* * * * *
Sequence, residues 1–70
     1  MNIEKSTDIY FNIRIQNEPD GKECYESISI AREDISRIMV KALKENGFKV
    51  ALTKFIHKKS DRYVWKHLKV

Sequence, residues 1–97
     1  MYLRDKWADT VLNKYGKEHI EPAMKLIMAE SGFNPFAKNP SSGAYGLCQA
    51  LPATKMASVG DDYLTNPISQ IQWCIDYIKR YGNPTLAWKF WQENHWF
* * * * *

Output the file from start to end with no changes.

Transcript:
Sequence, residues 1–70
     1  MNIEKSTDIY FNIRIQNEPD GKECYESISI AREDISRIMV KALKENGFKV
    51  ALTKFIHKKS DRYVWKHLKV

Sequence, residues 1–97
     1  MYLRDKWADT VLNKYGKEHI EPAMKLIMAE SGFNPFAKNP SSGAYGLCQA
    51  LPATKMASVG DDYLTNPISQ IQWCIDYIKR YGNPTLAWKF WQENHWF